Over the past several years, we have been commenting on how print marketing still has a place in the marketing strategies of your clients. If you are a printer, you provide a lot of value to your customers. Data is now returning to back up our claims. There is no doubt that digital is replaced a lot of marketing, but the data says it’s not very effective at converting or closing.
Why is this?
The fact is our eyeballs react to paper better than screens. It is simply harder to read a screen than it is to read from paper. Our eyes scan screens, we don’t necessarily read them. Studies show that students who do work on tablets and monitors retain less of what they learn than using old fashioned paper.
But, there is a lot more to back up our claims.
Simon Creasey from Print Week writes:
“According to a Nielsen survey, 63% of US retailers say that print is critical to their marketing strategy. It’s also why figures from MediaRadar, which examined 177 national consumer magazines in the US last year, showed that the number of print advertisers grew by 9% over January-September 2014.”
He continues to point out 2 high profile cases of companies returning to print after they abandoned it:
Usually when magazines turn their backs on the print they do so for good, so when Newsweek announced its intention to launch a limited run (70,000 copies) print edition of the news weekly in late 2013, it came as a surprise to everyone. The magazine’s owners broke the news that it was switching to an all-digital format in October 2012, due to plummeting circulation and dwindling profits. The then-editor Tina Brown explained Newsweek, which has been around since 1933, had reached a “tipping point” and that it was more efficient and effective for the mag to go all-digital. But reader demand convinced Newsweek’s owners to reinstate a print version of the title.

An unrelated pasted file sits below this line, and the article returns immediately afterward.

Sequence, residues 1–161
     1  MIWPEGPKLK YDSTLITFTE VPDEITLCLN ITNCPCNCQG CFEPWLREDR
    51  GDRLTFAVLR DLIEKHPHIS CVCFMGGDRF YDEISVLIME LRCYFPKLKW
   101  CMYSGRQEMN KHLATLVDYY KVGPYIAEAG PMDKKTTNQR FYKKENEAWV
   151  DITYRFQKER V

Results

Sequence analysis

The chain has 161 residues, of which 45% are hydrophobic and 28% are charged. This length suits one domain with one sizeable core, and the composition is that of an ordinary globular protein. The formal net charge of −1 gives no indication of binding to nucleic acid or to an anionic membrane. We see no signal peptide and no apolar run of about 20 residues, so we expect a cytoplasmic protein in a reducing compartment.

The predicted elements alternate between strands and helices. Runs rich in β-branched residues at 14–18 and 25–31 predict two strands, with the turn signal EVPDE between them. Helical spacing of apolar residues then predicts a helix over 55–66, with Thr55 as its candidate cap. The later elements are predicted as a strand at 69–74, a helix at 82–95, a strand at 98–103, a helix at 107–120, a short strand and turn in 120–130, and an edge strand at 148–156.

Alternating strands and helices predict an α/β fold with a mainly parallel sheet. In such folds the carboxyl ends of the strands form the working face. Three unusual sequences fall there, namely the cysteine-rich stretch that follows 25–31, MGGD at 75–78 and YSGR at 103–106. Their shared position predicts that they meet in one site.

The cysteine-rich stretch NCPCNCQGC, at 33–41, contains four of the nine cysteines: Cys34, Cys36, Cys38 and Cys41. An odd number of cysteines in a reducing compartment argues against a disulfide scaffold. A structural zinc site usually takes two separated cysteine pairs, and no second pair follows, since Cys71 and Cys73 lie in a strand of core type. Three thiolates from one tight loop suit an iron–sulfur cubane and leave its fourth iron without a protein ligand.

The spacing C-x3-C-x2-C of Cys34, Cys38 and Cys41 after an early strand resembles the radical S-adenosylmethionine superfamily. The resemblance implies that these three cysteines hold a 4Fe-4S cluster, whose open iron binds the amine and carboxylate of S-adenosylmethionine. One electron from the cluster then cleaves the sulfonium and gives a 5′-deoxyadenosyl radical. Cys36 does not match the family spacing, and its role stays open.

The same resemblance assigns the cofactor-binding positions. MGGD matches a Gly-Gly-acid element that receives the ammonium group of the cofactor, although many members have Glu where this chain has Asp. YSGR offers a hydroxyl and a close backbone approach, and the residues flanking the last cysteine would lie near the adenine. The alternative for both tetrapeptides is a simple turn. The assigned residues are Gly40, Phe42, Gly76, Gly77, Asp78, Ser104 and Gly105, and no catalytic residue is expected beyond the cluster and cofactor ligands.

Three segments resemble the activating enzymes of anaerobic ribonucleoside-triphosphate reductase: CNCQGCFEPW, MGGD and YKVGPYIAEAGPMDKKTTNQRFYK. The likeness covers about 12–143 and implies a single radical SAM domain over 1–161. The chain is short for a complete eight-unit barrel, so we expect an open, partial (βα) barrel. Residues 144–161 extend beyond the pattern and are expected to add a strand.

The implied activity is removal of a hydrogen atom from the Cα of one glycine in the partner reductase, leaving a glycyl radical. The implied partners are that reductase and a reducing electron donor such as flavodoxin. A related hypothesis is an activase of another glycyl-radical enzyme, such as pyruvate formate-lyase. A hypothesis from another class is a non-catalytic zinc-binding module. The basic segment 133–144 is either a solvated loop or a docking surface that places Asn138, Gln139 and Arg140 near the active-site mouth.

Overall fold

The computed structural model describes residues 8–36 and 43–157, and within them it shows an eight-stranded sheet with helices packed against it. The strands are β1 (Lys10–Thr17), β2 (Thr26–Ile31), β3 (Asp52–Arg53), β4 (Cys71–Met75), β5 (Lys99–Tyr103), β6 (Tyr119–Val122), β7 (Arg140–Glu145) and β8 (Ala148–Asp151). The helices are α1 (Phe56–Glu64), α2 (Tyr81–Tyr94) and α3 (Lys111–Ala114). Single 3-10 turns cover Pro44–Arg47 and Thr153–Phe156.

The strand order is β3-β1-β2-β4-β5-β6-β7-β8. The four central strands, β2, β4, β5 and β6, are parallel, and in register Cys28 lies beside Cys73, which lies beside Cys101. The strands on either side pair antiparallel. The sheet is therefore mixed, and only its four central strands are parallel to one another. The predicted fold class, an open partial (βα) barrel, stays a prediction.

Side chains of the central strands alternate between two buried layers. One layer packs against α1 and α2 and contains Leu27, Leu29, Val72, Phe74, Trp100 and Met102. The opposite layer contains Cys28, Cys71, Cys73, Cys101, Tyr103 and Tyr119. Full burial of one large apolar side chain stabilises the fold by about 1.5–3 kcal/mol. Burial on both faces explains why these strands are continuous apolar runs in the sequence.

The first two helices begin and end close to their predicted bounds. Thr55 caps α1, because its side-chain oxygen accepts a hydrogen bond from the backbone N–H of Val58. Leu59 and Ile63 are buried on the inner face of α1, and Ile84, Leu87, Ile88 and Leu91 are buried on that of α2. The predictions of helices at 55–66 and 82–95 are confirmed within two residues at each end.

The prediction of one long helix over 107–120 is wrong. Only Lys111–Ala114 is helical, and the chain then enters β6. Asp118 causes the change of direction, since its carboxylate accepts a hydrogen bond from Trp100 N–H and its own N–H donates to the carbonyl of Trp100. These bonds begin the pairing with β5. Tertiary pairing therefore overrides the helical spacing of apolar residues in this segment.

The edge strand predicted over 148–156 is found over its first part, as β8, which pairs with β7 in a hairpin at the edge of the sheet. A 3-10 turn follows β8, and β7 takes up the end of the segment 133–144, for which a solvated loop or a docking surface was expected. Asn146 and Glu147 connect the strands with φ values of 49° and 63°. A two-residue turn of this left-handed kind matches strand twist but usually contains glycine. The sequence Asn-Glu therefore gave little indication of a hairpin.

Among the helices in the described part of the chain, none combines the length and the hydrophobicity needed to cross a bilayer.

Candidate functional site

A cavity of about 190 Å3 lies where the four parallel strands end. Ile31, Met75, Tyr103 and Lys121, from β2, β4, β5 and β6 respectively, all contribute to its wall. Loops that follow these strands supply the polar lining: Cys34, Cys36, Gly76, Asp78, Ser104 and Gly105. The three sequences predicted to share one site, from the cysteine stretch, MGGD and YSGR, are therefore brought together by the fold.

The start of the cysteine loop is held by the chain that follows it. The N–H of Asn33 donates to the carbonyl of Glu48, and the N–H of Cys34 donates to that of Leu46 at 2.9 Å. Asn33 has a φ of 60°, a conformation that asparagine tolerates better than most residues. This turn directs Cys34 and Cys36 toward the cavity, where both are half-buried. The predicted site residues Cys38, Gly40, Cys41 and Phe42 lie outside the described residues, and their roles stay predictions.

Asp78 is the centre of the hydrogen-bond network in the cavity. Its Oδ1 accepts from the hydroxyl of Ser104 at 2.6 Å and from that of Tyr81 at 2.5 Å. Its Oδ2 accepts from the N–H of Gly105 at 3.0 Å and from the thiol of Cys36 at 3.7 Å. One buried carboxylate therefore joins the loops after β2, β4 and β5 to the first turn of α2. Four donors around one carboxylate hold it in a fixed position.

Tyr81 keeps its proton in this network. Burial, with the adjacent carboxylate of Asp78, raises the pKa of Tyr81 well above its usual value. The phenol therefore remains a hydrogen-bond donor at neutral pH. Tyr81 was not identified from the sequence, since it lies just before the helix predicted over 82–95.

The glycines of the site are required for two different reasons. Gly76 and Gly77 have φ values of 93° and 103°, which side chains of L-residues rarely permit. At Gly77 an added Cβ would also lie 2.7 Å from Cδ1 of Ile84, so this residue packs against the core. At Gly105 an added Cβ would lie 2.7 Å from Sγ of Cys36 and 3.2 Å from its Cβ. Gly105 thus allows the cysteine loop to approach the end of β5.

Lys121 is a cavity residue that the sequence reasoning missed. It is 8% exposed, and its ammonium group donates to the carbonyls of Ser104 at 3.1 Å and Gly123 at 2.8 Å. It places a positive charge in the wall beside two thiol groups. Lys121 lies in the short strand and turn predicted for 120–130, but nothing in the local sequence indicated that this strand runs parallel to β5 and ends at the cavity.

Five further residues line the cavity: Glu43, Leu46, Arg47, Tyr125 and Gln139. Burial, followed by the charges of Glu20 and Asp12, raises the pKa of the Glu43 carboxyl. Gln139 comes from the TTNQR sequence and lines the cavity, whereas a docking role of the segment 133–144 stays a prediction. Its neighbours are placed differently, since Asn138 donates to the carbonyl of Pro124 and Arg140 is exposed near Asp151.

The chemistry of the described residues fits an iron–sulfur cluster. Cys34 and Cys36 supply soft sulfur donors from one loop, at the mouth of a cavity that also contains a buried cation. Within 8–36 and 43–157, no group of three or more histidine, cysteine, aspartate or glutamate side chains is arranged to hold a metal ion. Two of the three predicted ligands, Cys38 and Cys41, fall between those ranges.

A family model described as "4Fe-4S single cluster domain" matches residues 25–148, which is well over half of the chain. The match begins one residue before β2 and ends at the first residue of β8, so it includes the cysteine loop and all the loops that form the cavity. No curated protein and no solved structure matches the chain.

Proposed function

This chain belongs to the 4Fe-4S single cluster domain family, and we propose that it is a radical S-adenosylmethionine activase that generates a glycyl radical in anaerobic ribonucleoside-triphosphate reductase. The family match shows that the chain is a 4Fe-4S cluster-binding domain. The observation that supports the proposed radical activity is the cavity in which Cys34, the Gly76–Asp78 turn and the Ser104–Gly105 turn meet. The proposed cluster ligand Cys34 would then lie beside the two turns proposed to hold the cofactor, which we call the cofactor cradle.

The company may not be that well known on this side of the Atlantic, but in the US, department store operator JC Penney is a major player, so when it announced that it was ditching its ‘big book’ catalogue in 2009 and was phasing out distribution of 70 smaller catalogues in 2010, it was headline news. Thankfully, earlier this year, the Wall Street Journal (WSJ) broke the story that the retailer intended to bring back a new 120-page printed catalogue that would be sent to selected customers from March. According to the WSJ report, the move was prompted by data that showed many of the retailer’s online sales were inspired by what customers saw in print.[/box]
The point is, there is an opportunity out there to grab more marketing dollars from your clients by reintroducing them to how print can do a better job at generating interest and conversions.